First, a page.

Infrared temperature sensors can also be used for busbar temperature monitoring, which are non-contact, can measure temperature from a distance, and can be useful in high-temperature or hazardous environments. The Infrared (IR) Sensor can detect a specific range of IR rays, typically within the range of 0.7 μm to 20 μm (The IR spectrum ranges from 0.7 μm to 1000 μm). The amount of IR radiation emitted is proportional to the temperature of a surface, as per the theorems of black body radiation. But the surface of the measurement must be non-reflective for accurate measurements. In the case of measuring busbar temperature, it is recommended to use a non-reflective sticker at the point of measurement to prevent the reflection of IR rays, which could result in incorrect readings. The core of the IR sensor is made from a silicon chip with a series of thermocouples that are capable of detecting the IR spectrum.

Measuring System

How Sensors are connected to the Busbar


  • The measurement method is non-intrusive
  • Reliable measurements when installed correctly
  • High response time
  • The measurement system is protected from voltage surges and short circuits


  • Reflections from metal parts may reduce the accuracy
  • High cost – Expensive than RTDs

Surface Acoustic Wave (SAW) Sensors

Surface acoustic wave sensors consist of two parts. SAW Transponder and Reader Unit. SAW transponder is the sensing part and it is connected directly to the busbar. SAW Transponder has two antennas called interdigital transducers (IDT). IDTs are placed on a piezoelectric substrate. Two antennas are placed at a defined distance. One antenna works as a receiver and another one works as a transmitter. The space between two sensors is called the delay line. The antennas are sensitive to RF signals (Usually 2.45GHz). The reader sends an RF pulse and the transponder antenna detects it. Then the RF signal converts into a surface acoustic wave called Rayleigh wave. That wave propagates through the delay line and converts to an RF signal again by the transmitter antenna. Due to temperature differences, the length of the delay line changes because of thermal expansion. Therefore, the response time, frequency, and phase angle can be changed according to the temperature. By measuring these parameters of the response signal by the transponder. The reader can identify the temperature of the busbar. This method is intrusive. But wireless. Therefore, the sensor can be connected anywhere on the busbar regardless of access.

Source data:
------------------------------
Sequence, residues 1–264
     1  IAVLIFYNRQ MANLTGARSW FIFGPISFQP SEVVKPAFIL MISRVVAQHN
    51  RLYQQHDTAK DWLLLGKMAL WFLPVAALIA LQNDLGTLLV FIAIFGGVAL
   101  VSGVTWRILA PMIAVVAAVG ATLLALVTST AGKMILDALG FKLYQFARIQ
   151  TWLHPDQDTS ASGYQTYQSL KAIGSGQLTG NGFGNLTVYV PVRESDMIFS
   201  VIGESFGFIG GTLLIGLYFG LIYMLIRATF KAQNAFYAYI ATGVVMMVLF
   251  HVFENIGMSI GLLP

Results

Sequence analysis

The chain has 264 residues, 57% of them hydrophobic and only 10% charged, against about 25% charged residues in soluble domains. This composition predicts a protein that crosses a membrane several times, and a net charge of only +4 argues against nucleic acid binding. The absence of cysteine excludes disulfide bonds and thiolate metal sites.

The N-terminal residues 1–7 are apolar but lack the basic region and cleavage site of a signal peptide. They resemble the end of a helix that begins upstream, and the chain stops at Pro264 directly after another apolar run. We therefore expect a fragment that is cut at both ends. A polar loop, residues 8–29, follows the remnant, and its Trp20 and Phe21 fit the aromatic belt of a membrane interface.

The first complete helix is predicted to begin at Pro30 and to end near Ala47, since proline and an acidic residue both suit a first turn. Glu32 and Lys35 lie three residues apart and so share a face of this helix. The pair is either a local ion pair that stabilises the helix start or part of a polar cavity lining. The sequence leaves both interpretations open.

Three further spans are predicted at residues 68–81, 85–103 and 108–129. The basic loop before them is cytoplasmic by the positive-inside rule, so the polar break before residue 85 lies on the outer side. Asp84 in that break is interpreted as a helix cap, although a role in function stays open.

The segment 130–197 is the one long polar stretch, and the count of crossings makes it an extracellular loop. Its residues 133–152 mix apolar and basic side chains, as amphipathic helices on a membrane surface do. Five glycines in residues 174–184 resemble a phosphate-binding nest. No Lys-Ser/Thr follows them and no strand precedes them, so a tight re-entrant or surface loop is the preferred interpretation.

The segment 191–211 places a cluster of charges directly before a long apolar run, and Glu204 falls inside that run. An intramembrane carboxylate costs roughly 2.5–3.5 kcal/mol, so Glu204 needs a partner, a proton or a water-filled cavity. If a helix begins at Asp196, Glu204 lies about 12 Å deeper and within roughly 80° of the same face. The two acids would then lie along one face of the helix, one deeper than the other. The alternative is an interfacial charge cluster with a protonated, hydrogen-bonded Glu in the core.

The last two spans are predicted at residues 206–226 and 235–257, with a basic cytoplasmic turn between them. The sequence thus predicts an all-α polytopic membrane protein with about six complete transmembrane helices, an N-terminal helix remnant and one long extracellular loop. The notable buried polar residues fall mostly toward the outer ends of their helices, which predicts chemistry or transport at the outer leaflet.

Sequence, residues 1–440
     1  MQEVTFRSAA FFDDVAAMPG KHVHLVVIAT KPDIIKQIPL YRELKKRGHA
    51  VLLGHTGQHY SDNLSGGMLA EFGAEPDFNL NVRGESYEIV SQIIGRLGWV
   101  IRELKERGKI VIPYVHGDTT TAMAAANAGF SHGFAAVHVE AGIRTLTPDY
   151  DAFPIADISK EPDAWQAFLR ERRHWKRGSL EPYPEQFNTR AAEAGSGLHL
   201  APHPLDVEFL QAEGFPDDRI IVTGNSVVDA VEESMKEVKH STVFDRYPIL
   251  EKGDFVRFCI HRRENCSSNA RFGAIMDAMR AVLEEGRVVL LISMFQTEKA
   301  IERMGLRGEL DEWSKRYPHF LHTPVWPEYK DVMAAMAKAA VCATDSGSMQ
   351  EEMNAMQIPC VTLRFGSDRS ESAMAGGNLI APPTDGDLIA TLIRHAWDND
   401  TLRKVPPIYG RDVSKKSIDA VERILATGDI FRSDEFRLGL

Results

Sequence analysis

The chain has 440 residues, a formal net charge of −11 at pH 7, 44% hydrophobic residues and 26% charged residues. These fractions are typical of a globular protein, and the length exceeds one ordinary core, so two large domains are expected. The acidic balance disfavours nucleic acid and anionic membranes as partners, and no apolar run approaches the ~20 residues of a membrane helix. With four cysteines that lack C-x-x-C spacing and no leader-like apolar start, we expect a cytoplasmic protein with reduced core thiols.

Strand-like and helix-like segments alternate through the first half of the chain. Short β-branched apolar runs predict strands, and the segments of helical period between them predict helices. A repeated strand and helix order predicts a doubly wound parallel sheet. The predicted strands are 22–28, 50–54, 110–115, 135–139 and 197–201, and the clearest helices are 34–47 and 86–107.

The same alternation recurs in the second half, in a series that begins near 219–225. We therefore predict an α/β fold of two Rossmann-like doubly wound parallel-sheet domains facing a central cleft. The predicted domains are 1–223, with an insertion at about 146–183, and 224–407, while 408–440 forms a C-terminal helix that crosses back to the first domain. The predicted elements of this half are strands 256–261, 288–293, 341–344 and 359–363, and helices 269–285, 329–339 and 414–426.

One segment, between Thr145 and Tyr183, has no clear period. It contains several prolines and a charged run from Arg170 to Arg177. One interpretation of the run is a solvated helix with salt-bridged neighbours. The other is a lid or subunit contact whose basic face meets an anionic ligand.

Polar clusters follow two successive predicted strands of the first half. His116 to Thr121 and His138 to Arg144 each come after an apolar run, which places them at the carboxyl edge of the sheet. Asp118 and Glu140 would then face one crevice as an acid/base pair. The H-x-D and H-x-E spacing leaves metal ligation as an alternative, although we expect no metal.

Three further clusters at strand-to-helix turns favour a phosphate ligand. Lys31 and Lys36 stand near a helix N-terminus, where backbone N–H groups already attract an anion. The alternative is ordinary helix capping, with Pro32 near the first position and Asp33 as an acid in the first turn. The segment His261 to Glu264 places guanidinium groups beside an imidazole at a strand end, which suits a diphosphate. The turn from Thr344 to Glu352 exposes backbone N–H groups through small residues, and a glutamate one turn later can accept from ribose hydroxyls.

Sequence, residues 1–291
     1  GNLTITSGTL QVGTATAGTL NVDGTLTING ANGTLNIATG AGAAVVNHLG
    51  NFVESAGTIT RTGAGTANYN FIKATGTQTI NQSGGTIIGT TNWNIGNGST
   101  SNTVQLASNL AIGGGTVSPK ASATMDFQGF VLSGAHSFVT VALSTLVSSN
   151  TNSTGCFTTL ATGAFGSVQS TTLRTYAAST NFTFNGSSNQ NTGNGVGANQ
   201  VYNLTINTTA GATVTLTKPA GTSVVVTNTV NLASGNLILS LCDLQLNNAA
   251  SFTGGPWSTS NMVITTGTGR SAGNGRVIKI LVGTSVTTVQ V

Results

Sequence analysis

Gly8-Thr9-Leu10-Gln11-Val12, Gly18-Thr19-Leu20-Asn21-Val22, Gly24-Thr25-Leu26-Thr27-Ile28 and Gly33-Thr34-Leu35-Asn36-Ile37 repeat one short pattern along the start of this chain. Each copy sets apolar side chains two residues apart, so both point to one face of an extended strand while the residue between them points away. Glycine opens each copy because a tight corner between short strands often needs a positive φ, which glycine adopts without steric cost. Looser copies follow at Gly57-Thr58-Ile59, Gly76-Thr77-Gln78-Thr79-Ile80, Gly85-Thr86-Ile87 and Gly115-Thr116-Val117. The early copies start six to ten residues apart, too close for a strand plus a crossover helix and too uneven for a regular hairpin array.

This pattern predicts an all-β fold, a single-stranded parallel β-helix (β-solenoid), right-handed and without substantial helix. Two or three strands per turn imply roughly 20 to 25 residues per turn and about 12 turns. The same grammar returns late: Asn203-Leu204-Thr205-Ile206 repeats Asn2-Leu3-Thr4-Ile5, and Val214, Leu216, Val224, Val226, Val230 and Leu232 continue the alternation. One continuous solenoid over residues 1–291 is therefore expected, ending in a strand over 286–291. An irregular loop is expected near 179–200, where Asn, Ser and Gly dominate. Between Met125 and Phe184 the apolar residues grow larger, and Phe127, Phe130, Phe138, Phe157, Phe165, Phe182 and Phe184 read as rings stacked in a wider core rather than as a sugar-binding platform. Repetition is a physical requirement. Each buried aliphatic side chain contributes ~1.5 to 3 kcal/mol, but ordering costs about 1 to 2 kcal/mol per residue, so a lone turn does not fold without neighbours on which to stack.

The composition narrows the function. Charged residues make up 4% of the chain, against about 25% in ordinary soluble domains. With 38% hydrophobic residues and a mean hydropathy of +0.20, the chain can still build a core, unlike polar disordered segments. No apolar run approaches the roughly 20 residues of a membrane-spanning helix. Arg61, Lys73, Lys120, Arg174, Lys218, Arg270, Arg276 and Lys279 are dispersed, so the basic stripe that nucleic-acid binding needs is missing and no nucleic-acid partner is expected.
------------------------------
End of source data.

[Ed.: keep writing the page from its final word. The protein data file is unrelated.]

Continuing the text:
• Directly connected to the busbar, directly measures the parameter
  • It can be connected to places where access is limited
  • Stable and reliable measurement
  • No batteries or power needed to power the sensors
  • Power surges and short circuit will not break the whole measuring system


  • Cost of the system is high

Energy Harvesting Type Temperature Sensors

In the sensor, there is a temperature measuring probe on board. Which directly measures the temperature of the busbar. Energy for the sensor power is harvested from the busbar itself via Electromagnetic Induction using an internal coil or a ferromagnetic ribbon. The measured value is transmitted via an RF wave (Usually 2.4Ghz signal) to a reading module which will outputs a readable communication signal like Modbus.

Engineers can analyze the readings getting from sensors via Modbus communication by plotting graphs against time. This allows for real-time monitoring and analysis of the sensor data, enabling engineers to quickly identify trends, patterns, and any potential issues within the network.

An example graph of Temperature rise against time for MCCB incoming terminals

Wireless temperature monitoring can be particularly useful in industries such as power generation, oil and gas, and manufacturing, where equipment failure can have significant consequences.

So the best solution for a sensor for any specific application will depend on several factors such as cost, accuracy, durability, and environmental conditions. Wireless temperature monitoring techniques are the most suitable for continuous and wireless real-time temperature monitoring specially in switchboard applications.